Elmore Leonard, a literary icon praised by The New York Times Book Review as "the greatest crime writer of our time, perhaps ever," has captured the imagination of millions of readers with his more than three dozen books.
In this short fiction collection, Leonard demonstrates the superb characterizations, dead-on dialogue, vivid atmosphere, and driving plots that have made him a household name -- and once again illustrates that the line between the law and the lawbreakers is not as firm as we might think.
Federal marshal Karen Sisco, from the bestselling novel Out of Sight, returns in "Karen Makes Out," once again inadvertently mixing pleasure with business. In "Fire in the Hole," Raylan Givens, last seen in Riding the Rap and Pronto, meets up with an old friend, but they're now on different sides of the law. In the title story, "When the Women Come Out to Dance," Mrs. Mahmood gets more than she bargains for when she conspires with her maid to end her unhappy marriage.
All nine stories are Elmore Leonard at his vivid, hilarious, and unfailingly human best.
About the Author
Elmore Leonard wrote more than forty books during his long career, including the bestsellers Raylan, Tishomingo Blues, Be Cool, Get Shorty, and Rum Punch, as well as the acclaimed collection When the Women Come Out to Dance, which was a New York Times Notable Book. Many of his books have been made into movies, including Get Shorty and Out of Sight. The short story "Fire in the Hole," and three books, including Raylan, were the basis for the FX hit show Justified. Leonard received the Lifetime Achievement Award from PEN USA and the Grand Master Award from the Mystery Writers of America. He died in 2013.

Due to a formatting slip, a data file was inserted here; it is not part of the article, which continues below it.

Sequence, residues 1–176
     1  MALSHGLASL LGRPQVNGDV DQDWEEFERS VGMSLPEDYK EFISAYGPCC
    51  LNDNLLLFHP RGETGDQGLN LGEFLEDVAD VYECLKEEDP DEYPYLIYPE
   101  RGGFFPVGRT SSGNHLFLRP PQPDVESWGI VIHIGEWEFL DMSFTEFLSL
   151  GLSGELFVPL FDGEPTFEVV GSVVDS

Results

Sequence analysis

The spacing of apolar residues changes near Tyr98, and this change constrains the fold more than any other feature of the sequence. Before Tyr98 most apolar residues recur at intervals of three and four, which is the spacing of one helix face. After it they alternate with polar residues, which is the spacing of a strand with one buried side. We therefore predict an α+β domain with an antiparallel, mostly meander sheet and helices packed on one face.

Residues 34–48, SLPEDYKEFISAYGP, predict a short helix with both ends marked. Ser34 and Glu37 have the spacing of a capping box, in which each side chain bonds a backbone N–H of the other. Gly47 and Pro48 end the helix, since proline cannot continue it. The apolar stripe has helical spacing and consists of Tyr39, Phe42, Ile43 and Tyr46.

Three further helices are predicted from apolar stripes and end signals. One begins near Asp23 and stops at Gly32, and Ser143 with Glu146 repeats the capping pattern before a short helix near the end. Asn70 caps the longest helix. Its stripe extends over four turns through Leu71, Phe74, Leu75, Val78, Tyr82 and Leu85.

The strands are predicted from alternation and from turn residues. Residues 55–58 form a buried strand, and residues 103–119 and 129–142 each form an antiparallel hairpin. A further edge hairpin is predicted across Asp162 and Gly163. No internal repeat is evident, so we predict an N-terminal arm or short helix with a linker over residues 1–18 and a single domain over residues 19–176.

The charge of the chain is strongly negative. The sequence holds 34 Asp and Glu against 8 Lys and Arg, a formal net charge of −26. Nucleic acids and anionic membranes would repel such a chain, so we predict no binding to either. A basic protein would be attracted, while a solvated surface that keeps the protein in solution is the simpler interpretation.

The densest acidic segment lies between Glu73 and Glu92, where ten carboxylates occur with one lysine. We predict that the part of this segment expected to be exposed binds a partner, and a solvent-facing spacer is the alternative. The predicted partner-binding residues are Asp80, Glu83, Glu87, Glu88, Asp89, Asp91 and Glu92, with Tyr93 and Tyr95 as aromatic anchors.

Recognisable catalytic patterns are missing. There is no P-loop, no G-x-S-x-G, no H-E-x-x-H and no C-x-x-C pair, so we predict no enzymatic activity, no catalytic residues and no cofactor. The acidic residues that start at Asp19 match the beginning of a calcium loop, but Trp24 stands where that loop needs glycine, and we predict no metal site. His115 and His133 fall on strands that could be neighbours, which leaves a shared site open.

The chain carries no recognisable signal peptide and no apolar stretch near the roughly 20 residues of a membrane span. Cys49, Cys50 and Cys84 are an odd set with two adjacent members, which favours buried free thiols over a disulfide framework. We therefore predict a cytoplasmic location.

“If Leonard were a new kid instead of a past master, this fiction collection would make his name.”
“Rummaging through Leonard’s attic via these nine stories revives some fond memories and turns up a couple of forgotten treasures.”
“Elmore Leonard’s 39th book ...finds one of America’s most accomplished novelists presenting his most accomplished female characters in years.”